Publication Date


Document Type

Doctoral Dissertation

Academic Program

Immunology and Microbiology



First Thesis Advisor

Dr. Egil Lien


Yersinia pestis, Virulence Factors, Lipid A, Yersinia pseudotuberculosis, Gram-Negative Bacteria


Yersinia pestis, the gram-negative causative agent of plague, is a master of immune evasion. The bacterium possesses a type three secretion system which translocates Yop effector proteins into host immune cells to inhibit a number of immune and cell signaling cascades. Interestingly, this apparatus is not expressed at low temperatures such as those found within the flea vector and is therefore neither in place nor functional when the bacteria are first transmitted into a mammalian host. However, the bacterium is still able to avoid activating the immune system, even very early during infection.

When grown at 37°C (human body temperature) Y. pestis produces a tetra-acyl lipid A molecule, which is antagonistic to the human Toll like receptor 4/MD2, the major lipopolysaccharide recognition receptor. Although tetra-acyl lipid A binds this receptor complex, it does not induce signaling, and in fact inhibits the receptors interaction with other stimulatory forms of lipid A. The work undertaken in this thesis seeks to determine if the production of tetra-acyl lipid A by Y. pestis is a key virulence determinant and was a critical factor in the evolution of Y. pestis from its ancestral parent Yersinia pseudotuberculosis.

By examining the enzymes involved in the lipid A biosynthesis pathway, it has been determined that Y. pestis lacks LpxL, a key enzyme that adds a secondary acyl chain on to the tetra acyl lipid A molecule. In the absence of this enzyme, Y. pestis cannot produce a TLR4 stimulating form of lipid A, whereas Y. pseudotuberculosis does contain the gene for LpxL and produces a stimulatory hexa acyl lipid A. To determine if the absence of LpxL in Y. pestis is important for virulence, LpxL from E. coli and Y. pseudotuberculosis were introduced into Y. pestis. In both cases the addition of LpxL led to bacterium which produced a hexa-acylated lipid A molecule and TLR4/MD2 stimulatory LPS. To verify the LpxL phenotype, lpxL was deleted from Y. pseudotuberculosis, resulting in bacteria which produce tetra-acylated lipid A and nonstimulatory LPS. Mice challenged with LpxL expressing Y. pestis were found to be completely resistant to infection. This profound attenuation in virulence is TLR4 dependent, as mice deficient for this receptor rapidly succumb to disease. These altered strains of the bacterium also act as vaccines, as mice infected with Y. pestis expressing LpxL then challenged with wild type Y. pestis do not become ill. These data demonstrate that the production of tetra-acyl lipid A is a critical virulence determinant for Y. pestis, and that the loss of LpxL formed a major step in the evolution of Y. pestis from Y. pseudotuberculosis.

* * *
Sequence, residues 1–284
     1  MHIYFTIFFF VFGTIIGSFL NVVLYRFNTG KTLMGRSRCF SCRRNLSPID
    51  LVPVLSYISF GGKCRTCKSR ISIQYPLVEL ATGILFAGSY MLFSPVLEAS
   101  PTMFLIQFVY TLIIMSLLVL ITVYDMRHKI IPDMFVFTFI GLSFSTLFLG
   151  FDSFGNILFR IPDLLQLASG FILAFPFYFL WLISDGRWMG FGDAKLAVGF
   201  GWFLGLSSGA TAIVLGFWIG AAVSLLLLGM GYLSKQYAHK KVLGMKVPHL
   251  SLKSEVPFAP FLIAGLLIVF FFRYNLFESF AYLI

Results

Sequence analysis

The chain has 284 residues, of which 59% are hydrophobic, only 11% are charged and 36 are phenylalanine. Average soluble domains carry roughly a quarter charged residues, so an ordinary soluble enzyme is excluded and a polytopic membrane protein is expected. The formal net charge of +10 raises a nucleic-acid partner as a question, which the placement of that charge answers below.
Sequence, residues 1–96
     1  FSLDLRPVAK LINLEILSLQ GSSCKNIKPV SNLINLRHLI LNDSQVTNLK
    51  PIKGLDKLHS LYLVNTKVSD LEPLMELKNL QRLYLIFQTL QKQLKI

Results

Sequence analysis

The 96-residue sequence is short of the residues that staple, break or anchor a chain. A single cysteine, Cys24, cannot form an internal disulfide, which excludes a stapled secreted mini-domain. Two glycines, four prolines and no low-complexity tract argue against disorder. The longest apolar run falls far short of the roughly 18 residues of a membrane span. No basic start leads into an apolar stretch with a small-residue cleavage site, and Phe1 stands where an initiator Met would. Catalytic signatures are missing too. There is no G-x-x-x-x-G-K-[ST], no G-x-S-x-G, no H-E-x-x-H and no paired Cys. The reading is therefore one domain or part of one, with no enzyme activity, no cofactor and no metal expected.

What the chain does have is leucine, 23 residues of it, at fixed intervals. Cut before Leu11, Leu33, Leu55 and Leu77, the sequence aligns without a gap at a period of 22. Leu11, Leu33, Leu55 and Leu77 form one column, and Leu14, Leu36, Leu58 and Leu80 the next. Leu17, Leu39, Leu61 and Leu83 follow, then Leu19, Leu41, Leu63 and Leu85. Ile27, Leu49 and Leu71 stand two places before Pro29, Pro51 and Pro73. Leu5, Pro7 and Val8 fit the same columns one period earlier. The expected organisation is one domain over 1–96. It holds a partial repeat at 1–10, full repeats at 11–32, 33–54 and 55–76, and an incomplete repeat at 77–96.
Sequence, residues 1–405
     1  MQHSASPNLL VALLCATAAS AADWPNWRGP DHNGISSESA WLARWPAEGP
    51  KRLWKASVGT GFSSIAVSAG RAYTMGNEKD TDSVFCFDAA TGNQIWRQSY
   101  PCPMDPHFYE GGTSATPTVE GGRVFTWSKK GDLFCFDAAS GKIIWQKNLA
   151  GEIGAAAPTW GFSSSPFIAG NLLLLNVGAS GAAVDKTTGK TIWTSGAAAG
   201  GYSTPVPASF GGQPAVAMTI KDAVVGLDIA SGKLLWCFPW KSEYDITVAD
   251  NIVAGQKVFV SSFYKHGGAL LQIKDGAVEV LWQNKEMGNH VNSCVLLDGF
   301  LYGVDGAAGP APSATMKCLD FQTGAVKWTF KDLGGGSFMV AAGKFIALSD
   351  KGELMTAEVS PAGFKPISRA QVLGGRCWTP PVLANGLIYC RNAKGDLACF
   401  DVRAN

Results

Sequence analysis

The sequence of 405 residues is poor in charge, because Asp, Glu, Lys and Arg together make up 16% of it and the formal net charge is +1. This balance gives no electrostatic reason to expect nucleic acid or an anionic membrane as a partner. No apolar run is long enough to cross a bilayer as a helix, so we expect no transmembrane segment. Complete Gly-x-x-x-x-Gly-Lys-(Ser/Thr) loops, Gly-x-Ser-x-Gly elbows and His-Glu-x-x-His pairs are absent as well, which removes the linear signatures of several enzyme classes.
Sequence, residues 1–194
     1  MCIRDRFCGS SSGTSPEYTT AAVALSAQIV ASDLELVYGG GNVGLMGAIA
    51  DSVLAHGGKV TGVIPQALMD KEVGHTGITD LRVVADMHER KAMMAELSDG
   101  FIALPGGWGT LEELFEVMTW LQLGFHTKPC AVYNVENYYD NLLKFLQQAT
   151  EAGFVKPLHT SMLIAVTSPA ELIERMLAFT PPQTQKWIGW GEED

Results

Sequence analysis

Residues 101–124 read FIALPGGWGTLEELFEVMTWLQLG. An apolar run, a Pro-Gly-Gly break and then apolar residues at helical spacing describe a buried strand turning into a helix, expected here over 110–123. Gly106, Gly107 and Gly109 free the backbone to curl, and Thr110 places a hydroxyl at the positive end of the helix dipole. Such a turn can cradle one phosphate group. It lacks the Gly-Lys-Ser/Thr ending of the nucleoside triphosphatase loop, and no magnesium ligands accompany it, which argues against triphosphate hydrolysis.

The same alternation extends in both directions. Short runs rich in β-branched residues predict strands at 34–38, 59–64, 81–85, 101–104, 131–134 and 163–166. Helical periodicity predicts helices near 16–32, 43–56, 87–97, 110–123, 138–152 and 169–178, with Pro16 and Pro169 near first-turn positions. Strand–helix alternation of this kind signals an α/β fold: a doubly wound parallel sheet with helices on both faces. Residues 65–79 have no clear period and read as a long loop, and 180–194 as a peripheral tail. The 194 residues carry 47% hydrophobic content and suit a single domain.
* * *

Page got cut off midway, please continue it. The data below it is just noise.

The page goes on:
These bacterial strains were also used as tools to determine the contributions of different innate immune receptors and adaptor molecules to the host response during Y. pestis infection. The use of LpxL expressing Y. pestis allowed identification of the innate immune pathways critical for protection during Y. pestis infection. This model also established that CD14 recognition of rough LPS is critical for protection from Y. pestisexpressing LpxL, and activation of the IL-1 receptor and the induction of IL-1β plays a major role in this infection as well.

The lipid A acylation profile of gram negative bacteria can have a direct and profound effect on the pathogenesis of the organism. This work illustrates a previously unknown and critical aspect of Y. pestis pathogenesis, which can be extended to other gram-negative pathogens. The greater detail of the contributions which different host adaptor and receptor molecules make to the overall innate immune signaling pathway will allow a better insight into how gram negative infections progress and how they are counteracted by the immune system. Alterations of the lipid A profile of Y. pestis have important implications for the production of vaccines to Y. pestis and other gram negative pathogens. Taken together, this work describes a novel mechanism for immune evasion by gram negative bacteria with consequences for understanding the immune response and the creation of more effective vaccines, both of which will decrease the danger posed by this virulent pathogen.



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